The smart car turned heads when it first appeared on U.S. roads in 2007, but the electric smart car has the ambitious aim of completely revolutionizing driving. The Smart car has grown a lot since starting out as the brainchild of watchmaker Swatch and is produced by a division of Daimler. Notoriously small, the car has always been aimed at the young, trendy end of the auto market and the smart electric car will also target the green segment of the marketplace.
The electric smart car uses a Zytek electric motor and is solely powered by electricity (there's also a hybrid model that combines an electric motor and a gasoline engine). The speed is governed to a limit of 62 mph (without the governor it can achieve 84 miles per hour) and it will go from 0 to 30 mph in 5.8 seconds. The vehicle uses its own weight for stability. The battery is comprised of lithium-ion.
The company claims that the electric Smart car can achieve the equivalent of 300 miles per gallon and if true, that would be a remarkable figure, a full 80% greater than the company's most economical gasoline model.
The electric Smart car will be able to travel 84 miles between charges which still means it will really only be suitable for city and suburban driving. The electric socket on the vehicle will be located under the gas cap and it will be able to plug into a regular European outlet (240 volts). It will take around 8 hours to fully charge the vehicle so essentially, it will need to be charged overnight, every night.
The electric Smart car gives out zero emissions and runs silently just like all other electric cars. However, the zero emissions figure doesn't take into account the extra carbon dioxide necessary to create the electricity to charge the vehicle even though this is still lower than emissions from gasoline. Because it uses an electric motor, there is no engine and no engine oil which saves on maintenance and waste.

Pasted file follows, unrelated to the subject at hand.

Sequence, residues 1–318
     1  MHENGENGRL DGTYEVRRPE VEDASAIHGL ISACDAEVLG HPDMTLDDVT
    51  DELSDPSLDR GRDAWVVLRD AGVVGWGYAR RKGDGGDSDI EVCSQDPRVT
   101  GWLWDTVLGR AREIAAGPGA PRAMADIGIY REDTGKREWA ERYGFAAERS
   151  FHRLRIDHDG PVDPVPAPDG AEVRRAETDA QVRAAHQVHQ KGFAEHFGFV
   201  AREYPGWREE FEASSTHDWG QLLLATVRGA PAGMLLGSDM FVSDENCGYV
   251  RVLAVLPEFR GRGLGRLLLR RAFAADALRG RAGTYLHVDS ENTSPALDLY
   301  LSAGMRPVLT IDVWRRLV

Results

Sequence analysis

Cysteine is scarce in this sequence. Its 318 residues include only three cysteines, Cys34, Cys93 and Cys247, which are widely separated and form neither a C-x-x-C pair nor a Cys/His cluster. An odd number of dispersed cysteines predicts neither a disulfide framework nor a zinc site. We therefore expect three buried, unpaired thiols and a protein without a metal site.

The electric smart car was first introduced in 2008 although initial testing had actually begun in the UK in 2007 when Smart teamed with other companies to trial the vehicle. In 2010, the company began a larger trial in parts of England, inviting applicants to give 100 vehicles a road test.
In 2009, production of the vehicles increased in Europe at a time when a regular supply of the lithium-ion batteries to power the vehicles became available. Smart has said it intends to be in mass production of the vehicle by 2012.
The smart ForFour
smart has also produced a hybrid vehicle called the smart ForFour. This combines an electric motor with a gasoline engine, although the electric motor in this version can only go for 20 miles without assistance.
The car uses two permanent-magnet electric motors along with a 1.5 liter, 3-cylinder engine that's turbo-charged and produces 68 horsepower. The vehicle has already won one award for low carbon emissions.
Additionally, there's also an electric car conversion known as the eSmart. This has a range of 60 miles with the lithium-ion battery but just 25 miles with the AGM battery.